The combat portions of Watch Dogs manage to come across as being more realistic than Grand Theft Auto as well. Watch Dogs does a good job at driving the point across to the player that guns kill when you shoot them at people. Maybe it’s the closer third-person view compared to Grand Theft Auto, or maybe it’s the excellent sound and feel of the weapons; whatever the reason, shooting and killing people feels more real in Watch Dogs than anything I’ve seen out of the Grand Theft Auto series to date.
The big gimmick in Watch Dogs is of course the hacking. As somebody with a security background, I was somewhat apprehensive about the whole thing. Thankfully, Watch Dogs pulls it off in a purely fictional way that kept me entertained without also insulting my knowledge of technology. The hacking aspect of the game adds so much interactivity to the world; players will find themselves missing the hacking the next time they go back to Grand Theft Auto. If you play Watch Dogs for any reason, do it for the hacking.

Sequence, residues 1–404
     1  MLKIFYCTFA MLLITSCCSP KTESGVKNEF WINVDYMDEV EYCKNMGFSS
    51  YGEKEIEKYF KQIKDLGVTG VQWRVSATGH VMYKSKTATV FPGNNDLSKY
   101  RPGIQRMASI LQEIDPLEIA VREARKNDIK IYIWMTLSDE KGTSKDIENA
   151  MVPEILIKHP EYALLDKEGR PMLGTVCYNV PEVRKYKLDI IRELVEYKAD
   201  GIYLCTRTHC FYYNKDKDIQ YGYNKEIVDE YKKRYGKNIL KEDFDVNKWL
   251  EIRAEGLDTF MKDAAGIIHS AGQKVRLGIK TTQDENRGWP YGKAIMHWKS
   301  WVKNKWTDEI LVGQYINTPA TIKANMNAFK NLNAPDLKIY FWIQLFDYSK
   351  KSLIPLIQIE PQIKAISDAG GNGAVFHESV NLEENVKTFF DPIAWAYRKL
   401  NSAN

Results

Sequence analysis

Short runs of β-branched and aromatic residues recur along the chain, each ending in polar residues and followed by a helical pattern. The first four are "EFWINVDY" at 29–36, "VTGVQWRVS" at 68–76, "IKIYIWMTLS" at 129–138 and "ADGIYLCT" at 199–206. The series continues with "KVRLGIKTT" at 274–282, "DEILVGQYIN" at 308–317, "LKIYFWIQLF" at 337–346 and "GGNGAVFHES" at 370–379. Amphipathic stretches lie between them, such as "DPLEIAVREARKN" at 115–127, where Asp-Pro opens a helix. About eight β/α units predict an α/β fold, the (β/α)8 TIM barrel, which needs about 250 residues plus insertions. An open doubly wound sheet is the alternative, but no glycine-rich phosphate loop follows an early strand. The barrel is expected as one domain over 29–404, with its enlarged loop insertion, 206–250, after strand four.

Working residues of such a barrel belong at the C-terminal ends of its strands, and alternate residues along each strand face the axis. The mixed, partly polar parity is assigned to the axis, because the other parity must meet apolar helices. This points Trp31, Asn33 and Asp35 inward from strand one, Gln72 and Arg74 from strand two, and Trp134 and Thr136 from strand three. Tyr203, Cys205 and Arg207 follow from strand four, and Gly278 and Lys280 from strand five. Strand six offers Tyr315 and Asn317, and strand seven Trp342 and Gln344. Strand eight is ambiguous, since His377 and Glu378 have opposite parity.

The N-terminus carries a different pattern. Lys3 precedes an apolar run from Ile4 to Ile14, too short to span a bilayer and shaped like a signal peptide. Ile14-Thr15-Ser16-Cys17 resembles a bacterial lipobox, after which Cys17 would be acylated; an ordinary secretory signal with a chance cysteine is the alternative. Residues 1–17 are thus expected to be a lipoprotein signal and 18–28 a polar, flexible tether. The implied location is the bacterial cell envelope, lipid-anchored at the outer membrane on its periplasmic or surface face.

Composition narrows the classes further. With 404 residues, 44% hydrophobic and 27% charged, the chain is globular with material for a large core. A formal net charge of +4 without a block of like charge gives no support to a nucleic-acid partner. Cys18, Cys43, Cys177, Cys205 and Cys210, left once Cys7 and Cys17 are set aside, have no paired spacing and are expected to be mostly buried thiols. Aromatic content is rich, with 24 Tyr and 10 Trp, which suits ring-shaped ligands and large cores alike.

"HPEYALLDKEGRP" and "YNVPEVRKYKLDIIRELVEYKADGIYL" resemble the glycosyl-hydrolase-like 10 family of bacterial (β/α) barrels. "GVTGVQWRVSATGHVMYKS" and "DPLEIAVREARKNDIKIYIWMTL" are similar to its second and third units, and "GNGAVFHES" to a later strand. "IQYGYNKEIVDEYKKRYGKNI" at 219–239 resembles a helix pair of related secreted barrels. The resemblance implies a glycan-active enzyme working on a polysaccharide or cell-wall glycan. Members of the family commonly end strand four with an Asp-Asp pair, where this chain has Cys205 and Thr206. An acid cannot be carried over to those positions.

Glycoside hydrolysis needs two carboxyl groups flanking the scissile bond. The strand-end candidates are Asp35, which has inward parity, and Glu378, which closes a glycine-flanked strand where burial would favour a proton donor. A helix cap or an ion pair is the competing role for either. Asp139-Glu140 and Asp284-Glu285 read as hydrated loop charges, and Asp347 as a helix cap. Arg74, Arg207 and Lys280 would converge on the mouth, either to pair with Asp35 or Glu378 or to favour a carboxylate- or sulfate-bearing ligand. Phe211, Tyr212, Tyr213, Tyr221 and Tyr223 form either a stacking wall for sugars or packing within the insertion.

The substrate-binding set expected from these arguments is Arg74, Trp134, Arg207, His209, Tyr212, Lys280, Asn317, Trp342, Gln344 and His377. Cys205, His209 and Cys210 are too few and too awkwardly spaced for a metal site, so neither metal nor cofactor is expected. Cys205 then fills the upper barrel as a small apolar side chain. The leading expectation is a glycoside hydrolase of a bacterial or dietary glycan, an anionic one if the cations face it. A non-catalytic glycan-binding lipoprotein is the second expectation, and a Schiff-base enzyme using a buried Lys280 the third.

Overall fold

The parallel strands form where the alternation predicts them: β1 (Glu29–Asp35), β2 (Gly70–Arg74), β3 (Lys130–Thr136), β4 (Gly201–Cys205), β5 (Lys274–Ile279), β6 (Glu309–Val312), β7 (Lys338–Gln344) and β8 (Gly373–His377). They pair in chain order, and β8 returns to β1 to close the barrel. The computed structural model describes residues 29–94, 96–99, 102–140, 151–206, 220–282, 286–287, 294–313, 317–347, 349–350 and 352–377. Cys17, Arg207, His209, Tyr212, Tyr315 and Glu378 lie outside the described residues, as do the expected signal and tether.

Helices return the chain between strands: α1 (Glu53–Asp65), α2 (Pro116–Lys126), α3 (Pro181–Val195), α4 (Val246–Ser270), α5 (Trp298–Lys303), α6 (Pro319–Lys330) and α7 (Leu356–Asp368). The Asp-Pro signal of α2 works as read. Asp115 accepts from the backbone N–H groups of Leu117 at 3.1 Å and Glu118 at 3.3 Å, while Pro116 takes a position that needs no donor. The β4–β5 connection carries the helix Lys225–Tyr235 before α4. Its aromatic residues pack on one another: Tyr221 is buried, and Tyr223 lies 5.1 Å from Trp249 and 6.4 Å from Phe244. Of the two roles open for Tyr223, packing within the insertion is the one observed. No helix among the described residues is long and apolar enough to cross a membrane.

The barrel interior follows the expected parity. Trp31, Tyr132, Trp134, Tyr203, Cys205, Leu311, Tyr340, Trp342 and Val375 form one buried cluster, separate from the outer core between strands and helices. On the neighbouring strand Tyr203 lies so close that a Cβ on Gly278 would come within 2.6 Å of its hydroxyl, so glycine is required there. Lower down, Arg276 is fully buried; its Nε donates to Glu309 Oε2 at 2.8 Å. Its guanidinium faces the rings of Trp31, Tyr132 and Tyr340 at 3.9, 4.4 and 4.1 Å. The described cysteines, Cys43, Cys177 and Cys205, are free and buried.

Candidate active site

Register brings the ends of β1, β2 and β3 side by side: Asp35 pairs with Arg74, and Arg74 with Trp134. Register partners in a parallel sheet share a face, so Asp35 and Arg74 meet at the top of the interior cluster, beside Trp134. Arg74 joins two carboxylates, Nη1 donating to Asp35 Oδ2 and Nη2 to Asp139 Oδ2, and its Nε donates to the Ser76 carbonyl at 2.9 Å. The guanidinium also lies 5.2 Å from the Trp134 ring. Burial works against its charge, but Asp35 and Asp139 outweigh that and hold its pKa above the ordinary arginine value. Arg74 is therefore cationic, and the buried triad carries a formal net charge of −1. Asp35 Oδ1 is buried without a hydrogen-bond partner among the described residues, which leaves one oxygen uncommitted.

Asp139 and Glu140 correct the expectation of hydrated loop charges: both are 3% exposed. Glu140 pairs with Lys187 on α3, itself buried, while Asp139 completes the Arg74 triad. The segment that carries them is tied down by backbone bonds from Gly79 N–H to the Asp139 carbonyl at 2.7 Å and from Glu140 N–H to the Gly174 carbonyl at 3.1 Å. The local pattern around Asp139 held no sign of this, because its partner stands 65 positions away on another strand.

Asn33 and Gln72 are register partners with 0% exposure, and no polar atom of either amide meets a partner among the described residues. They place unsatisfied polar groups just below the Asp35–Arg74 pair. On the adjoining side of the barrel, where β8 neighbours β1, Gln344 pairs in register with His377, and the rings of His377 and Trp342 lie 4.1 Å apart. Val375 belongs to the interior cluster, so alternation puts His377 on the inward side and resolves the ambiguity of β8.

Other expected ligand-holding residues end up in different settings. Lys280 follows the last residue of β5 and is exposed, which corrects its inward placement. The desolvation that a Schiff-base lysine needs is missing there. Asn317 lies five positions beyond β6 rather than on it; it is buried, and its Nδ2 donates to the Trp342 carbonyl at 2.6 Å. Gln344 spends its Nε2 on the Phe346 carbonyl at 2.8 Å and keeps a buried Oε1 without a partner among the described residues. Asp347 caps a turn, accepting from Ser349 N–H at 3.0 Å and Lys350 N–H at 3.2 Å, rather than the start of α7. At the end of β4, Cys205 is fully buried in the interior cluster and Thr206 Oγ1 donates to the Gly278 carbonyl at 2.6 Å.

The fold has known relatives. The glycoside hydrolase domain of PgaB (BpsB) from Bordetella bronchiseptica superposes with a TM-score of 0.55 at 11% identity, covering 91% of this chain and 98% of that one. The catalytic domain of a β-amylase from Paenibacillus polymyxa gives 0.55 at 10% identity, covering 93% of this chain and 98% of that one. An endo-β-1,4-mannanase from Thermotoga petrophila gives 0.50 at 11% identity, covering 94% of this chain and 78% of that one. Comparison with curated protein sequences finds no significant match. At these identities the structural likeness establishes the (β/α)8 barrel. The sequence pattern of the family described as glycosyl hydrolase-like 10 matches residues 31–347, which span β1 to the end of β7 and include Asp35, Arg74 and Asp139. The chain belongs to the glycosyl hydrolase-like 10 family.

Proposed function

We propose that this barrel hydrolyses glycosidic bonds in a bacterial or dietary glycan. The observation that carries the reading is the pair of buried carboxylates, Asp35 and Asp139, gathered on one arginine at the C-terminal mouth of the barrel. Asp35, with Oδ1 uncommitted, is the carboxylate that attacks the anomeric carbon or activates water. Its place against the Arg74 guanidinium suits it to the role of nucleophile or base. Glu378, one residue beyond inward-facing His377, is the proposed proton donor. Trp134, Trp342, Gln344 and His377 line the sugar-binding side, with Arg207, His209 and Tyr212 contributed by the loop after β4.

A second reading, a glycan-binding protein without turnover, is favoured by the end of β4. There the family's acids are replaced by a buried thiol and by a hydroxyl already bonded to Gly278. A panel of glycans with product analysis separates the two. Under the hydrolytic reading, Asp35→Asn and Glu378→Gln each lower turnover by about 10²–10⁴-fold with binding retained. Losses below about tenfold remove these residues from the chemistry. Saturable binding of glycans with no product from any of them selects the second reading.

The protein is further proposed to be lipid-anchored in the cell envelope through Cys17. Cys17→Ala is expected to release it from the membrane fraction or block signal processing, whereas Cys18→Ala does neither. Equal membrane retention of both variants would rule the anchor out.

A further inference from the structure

Say what you will about GTA V’s vehicle physics, at the very least they managed to make each car feel unique. Most cars in Watch Dogs somehow manage to drive like go-karts. It feels as if the game designers built the entire system around the fastest cars in the game to ensure they drove well. Once the fastest cars were in the game, they just took whatever cars were left and lowered the numbers for each tier. What we’re left with is a car that looks like a Peugeot but drives like it has drag radials, weight reduction, tons of bolt-ons, and something massively wrong with the suspension. As a car enthusiast, I could not be more disappointed with the driving in this game. Watch Dogs’ driving can only be compared to Grant Theft Auto or Need for Speed in the sense that it’s far worse than either of them. Considering how bad both titles are when it comes to realistic driving physics, that says a lot.